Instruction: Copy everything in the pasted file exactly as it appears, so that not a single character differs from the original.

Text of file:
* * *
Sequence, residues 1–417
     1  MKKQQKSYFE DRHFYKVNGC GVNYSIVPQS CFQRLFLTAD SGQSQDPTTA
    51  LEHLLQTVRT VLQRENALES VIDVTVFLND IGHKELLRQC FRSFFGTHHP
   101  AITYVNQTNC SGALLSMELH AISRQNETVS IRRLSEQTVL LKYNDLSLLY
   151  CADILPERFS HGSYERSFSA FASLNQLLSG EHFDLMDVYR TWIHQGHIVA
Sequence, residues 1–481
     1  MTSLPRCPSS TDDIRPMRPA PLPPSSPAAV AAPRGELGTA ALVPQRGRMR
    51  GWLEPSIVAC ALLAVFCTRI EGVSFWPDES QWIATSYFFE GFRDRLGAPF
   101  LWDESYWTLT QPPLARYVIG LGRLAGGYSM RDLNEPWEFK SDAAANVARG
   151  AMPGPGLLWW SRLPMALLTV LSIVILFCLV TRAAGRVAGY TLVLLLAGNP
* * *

Sequence, residues 1–417
     1  MKKQQKSYFE DRHFYKVNGC GVNYSIVPQS CFQRLFLTAD SGQSQDPTTA
    51  LEHLLQTVRT VLQRENALES VIDVTVFLND IGHKELLRQC FRSFFGTHHP
   101  AITYVNQTNC SGALLSMELH AISRQNETVS IRRLSEQTVL LKYNDLSLLY
   151  CADILPERFS HGSYERSFSA FASLNQLLSG EHFDLMDVYR TWIHQGHIVA
Sequence, residues 1–481
     1  MTSLPRCPSS TDDIRPMRPA PLPPSSPAAV AAPRGELGTA ALVPQRGRMR
    51  GWLEPSIVAC ALLAVFCTRI EGVSFWPDES QWIATSYFFE GFRDRLGAPF
   101  LWDESYWTLT QPPLARYVIG LGRLAGGYSM RDLNEPWEFK SDAAANVARG
   151  AMPGPGLLWW SRLPMALLTV LSIVILFCLV TRAAGRVAGY TLVLLLAGNP